Typically a net importer of both natural gas and electricity, the UK has played a different role in the European energy balance last year, reflecting both the havoc wrought by the war in Ukraine and a lack of nuclear power generation in France.
The UK is the second largest producer of natural gas in Europe after Norway, but relies on imports to meet demand. Domestic production peaked in 2000 and, despite demand also falling from peak levels, the drop in domestic output has seen net imports rise.
The UK has multiple uses for gas, the main ones being for power generation, heating and industry. Demand is heavily seasonal, and the UK normally exports gas to the European continent in the summer and imports in winter.
However, the UK has more capacity to import gas than it needs.
It has three liquified natural gas (LNG) import terminals, Dragon LNG, Grain LNG and South Hook, with combined capacity of 49.2 billion cubic metres a year (Bcm/yr). In addition, the Langeled pipeline from Norway has capacity of 25.2 Bcm/yr, while other connections to Norwegian gas fields via the FLAGs and Vesterled pipeline systems also allow for Norwegian gas imports.
In addition, the UK has bi-directional pipeline connections with both the Netherlands and Belgium, which can handle exports of about 5.5 Bcm/yr and 20.0 Bcm/yr respectively. The UK can thus act as a flexible transit country for imported gas to flow to continental Europe via its pipeline links with these two countries.
In the second quarter of this year, UK LNG imports rose 37% and gas exports to the European continent hit a record high, allowing the UK to play a key role in building European gas stocks ahead of winter.
With Europe facing a severe crunch in gas supplies, gas is continuing to flow from the UK to the European continent even in the colder months. In early December, gas flows from the UK to Europe via the UK-Belgium interconnector hit six-year highs.
A major change in electricity flows is also evident. The UK has electricity interconnectors with Ireland, France, the Netherlands, Belgium and Norway, and is building more.
The UK is typically a net importer of electricity, exporting power to Ireland, but importing from France, the Netherlands and Belgium. The North Sea Link, which was completed in October 2021, has seen electricity flow from Norway to the UK.
In second-quarter 2021, the UK imported 4.5 TWh of electricity from France, 0.35 TWh from the Netherlands and 1.9 TWh from Belgium. In the second quarter of 2022, the situation was completely reversed with the UK exporting 3.4 TWh, 0.8 TWh and 0.41 TWh, respectively, to these countries.
The switch reflects predominantly a low level of nuclear generation in France, as many of the country’s reactors were offline. With reduced French exports to its neighbours, Belgium and the Netherlands also required more power imports from the UK.
Electricity imports from the UK help European countries conserve gas by using less for power generation. In October, UK exports to France continued, while flows to Belgium and the Netherlands became more balanced.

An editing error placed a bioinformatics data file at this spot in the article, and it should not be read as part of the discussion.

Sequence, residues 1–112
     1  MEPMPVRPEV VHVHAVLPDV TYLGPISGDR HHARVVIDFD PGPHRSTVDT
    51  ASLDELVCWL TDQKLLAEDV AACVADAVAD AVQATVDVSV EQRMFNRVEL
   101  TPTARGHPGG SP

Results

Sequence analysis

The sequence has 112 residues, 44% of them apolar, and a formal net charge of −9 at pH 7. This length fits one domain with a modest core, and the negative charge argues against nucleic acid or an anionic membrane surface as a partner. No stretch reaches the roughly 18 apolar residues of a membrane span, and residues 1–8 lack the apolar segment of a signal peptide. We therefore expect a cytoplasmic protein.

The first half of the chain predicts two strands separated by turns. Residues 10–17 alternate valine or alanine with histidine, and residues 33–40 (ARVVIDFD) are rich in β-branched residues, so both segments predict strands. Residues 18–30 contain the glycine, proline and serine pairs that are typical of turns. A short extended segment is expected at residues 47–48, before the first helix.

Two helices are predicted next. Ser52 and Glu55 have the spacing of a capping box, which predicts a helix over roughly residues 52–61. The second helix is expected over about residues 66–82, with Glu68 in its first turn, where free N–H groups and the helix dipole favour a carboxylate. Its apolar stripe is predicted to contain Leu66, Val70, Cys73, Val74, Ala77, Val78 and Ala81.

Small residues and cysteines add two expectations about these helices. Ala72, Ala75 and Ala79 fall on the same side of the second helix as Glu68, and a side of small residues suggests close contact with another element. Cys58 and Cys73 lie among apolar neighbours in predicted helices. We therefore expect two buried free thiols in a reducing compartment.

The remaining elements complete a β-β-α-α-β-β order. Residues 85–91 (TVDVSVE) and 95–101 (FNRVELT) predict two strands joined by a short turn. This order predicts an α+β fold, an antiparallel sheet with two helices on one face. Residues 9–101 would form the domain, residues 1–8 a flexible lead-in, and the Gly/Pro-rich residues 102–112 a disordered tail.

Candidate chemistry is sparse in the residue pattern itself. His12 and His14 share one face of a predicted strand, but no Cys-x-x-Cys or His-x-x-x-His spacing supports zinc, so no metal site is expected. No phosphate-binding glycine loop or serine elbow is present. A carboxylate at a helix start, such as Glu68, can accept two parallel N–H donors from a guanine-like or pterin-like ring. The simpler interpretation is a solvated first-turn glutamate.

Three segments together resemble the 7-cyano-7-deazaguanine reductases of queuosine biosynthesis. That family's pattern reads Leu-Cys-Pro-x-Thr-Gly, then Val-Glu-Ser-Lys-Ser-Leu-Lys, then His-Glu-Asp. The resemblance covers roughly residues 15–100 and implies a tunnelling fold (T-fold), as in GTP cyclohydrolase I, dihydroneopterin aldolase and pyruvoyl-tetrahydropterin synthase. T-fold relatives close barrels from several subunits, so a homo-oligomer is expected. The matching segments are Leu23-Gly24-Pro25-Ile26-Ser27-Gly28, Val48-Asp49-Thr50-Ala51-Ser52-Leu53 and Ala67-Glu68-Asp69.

Interconnectors link markets and, in a market system, gas or electricity flows from the market with a lower price to the one with a higher price. Prices between two interconnected markets should converge with sustained differences in pricing indicating limited interconnector capacity.
Interconnectors therefore have both pros and cons. While they provide a means of importing additional power or gas, if needed, they also expose a market to the variations in demand and supply in the connected market.
In the UK, gas prices in December were lower that on the continent as LNG imports into the UK created a temporary surplus larger than the capacity to export to Belgium and the Netherlands.
The UK’s role as a natural gas transit country could be sustained for some time, as European countries rebalance their energy systems to take account of the loss of Russian gas imports. Ultimately, it should decline as Europe transitions towards a net zero carbon energy system by 2050, a goal the UK shares with its EU neighbours, but natural gas pipeline infrastructure could be repurposed for trade in renewable gases.
Electricity exports are likely to continue until France brings more of its nuclear reactors back on line. Returns to service at present are suffering delays and reduced capacity, but more nuclear capacity should be back online by the summer.
Longer term, however, the UK could see increased electricity exports as both the UK and Ireland increase their renewable energy capacities.
Interconnectors‘ role in optimising generation between markets changes as more variable generation enters the energy mix. They provide the possibility that surplus renewable generation, which would otherwise be curtailed, finds a home in other markets, displacing fossil fuel generation. A large renewable energy source in one country can help underpin the energy transition in another.
Ireland has enough offshore wind potential to meet all-island electricity demand many times over. With progressive development this could reverse the traditional flow of power from the UK to Ireland.
The UK also has huge offshore wind potential and is already a leader in the sector. With an ambitious target set for 50 GW of offshore wind by 2030, the UK will gain much increased clean power generation. International electricity flows should increase to use more efficiently daily and seasonal variations in renewable energy generation.